When a train laden with crude oil rolled into the sleepy town of Stroud, Oklahoma, one night this August, global oil markets reacted immediately.
The unexpected arrival of some 70,000 barrels of crude -- a pittance in global terms -- caused the premium of international benchmark Brent oil futures to its U.S. counterpart to widen by a dollar in an hour.
It was a stark illustration of how finely tuned oil traders are to the ebb and flow of oil through Cushing, the world's biggest storage hub and delivery point for U.S. crude futures, known as West Texas Intermediate (WTI) by the industry.
While it has always been critical for traders given its role as the delivery point, the focus on Cushing has rarely been greater after an unprecedented three-month drawdown in stockpiles that fueled talk of squeezes on immediate supplies and fears that oil in storage could be drawn to minimal levels.
As that decline is showing signs of slowing down or reversing, market players and analysts are even more focused on how much oil is stored at Cushing at any given moment. More importantly, they want to know how much of that oil is light sweet that can be delivered against New York's futures contract.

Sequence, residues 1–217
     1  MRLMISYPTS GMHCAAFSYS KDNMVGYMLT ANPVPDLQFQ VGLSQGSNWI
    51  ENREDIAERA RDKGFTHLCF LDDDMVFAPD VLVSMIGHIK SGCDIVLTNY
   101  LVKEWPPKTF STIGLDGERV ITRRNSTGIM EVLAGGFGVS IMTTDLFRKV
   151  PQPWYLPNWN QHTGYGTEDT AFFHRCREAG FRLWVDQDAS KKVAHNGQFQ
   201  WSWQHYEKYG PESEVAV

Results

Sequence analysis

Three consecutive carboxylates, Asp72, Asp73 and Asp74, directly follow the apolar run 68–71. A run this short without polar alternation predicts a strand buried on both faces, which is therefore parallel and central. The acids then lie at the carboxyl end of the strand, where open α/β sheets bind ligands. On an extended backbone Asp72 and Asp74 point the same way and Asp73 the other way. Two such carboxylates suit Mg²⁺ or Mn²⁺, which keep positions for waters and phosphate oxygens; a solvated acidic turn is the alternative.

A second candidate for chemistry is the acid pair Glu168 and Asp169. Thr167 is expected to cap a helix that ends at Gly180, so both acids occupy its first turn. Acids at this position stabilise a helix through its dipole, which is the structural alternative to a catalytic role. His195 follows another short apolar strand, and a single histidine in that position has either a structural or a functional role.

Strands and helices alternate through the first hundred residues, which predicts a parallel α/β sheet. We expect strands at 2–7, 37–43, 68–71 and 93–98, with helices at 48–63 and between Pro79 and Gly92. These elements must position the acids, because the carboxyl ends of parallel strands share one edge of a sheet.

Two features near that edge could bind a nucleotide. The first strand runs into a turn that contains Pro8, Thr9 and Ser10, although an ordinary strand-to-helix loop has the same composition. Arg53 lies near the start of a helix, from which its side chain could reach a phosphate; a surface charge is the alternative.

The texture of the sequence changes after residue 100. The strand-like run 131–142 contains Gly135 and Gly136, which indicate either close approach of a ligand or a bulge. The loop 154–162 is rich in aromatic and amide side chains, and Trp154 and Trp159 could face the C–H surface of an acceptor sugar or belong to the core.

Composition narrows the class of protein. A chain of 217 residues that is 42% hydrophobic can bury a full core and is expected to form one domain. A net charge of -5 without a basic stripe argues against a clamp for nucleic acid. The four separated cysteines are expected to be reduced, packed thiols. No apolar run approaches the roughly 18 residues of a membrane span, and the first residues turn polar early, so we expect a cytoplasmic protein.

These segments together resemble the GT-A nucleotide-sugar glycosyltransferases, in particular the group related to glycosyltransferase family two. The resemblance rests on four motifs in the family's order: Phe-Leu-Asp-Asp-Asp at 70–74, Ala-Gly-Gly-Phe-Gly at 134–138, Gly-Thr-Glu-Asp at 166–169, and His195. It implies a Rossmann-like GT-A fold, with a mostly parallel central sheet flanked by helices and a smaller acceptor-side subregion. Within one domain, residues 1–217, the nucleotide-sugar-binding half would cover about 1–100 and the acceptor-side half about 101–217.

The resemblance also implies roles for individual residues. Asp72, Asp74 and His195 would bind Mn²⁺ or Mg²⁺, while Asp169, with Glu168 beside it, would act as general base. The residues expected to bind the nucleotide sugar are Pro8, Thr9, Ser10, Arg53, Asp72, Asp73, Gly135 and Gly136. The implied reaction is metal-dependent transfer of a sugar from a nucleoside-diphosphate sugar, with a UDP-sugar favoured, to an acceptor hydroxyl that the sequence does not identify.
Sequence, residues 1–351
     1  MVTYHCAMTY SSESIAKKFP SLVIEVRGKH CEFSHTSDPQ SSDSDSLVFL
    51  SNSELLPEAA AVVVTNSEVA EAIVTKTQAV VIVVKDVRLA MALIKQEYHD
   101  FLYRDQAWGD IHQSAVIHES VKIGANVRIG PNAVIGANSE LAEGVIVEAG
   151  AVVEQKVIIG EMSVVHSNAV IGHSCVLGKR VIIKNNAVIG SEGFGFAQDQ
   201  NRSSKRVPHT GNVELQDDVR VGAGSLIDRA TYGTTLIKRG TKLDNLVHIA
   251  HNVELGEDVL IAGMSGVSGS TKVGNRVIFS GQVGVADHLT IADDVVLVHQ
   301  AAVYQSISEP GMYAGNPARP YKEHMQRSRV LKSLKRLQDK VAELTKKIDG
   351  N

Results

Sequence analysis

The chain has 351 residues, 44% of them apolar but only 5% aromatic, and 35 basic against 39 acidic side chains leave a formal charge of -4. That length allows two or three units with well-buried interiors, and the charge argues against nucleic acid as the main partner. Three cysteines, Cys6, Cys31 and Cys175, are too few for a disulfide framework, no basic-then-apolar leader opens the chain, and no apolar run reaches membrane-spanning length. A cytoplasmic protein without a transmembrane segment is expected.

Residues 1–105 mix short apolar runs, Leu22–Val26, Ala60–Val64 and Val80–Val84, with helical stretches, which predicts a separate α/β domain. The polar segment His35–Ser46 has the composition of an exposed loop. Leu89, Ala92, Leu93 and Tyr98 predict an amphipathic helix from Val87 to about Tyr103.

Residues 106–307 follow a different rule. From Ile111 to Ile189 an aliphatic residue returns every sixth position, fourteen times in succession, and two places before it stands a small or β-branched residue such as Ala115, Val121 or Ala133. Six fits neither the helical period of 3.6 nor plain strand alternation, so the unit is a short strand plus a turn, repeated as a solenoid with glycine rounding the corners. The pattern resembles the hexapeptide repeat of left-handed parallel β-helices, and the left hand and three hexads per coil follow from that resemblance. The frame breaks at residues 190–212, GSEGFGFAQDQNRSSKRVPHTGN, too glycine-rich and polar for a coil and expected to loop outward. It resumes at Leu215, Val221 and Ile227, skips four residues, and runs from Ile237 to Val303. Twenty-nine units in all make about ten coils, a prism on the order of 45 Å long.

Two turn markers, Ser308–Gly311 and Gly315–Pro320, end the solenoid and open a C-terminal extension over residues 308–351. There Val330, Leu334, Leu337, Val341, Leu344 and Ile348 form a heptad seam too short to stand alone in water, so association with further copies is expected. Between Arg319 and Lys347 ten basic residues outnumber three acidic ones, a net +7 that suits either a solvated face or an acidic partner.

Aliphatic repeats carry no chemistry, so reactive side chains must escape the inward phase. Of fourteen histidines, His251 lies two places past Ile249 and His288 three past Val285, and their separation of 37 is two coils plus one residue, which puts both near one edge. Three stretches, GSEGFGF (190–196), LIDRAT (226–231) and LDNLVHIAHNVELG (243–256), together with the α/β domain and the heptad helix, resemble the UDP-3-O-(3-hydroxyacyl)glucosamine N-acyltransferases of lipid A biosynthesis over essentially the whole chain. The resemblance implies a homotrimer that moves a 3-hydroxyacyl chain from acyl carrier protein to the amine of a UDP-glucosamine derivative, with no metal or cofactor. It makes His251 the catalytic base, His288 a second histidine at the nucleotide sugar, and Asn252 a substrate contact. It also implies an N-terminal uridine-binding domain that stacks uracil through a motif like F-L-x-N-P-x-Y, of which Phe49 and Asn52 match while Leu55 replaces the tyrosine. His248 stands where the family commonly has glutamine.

A shortage of WTI and others oil grades deliverable against the contract can boost prices as the front-month nears expiry as players face being taken to delivery on their positions.
Yet calculating how much light sweet oil is stored in Cushing has rarely been more difficult to measure, despite the advent of companies using satellites and infra-red cameras to beat government reports.
The boom in U.S. and Canadian oil production and the race to build out transport options to get it to markets, first to Cushing and then later to the Gulf Coast refining center, has created a tangle of variables to track.
"It's not a straight forward answer. It is even more difficult at Cushing due to the significant capacity, tanks and number of pipelines involved," said David Auer at refinery consultant
"It's not a straight forward answer. It is even more difficult at Cushing due to the significant capacity, tanks and number of pipelines involved," said David Auer at refinery consultants Turner, Mason & Co.
"Cushing is such a big place, with so many tanks, that a change in an assumption can make a big difference over all."
Weekly snapshots of stored oil at Cushing are produced by the U.S. Energy Information Administration (EIA) and the American Petroleum Institute, while energy intelligence group Genscape provides twice weekly data on the hub.
But getting ahead of that data on a daily basis, or getting intelligence on the kind of crude in storage, is where traders can find a profit or avoid getting squeezed.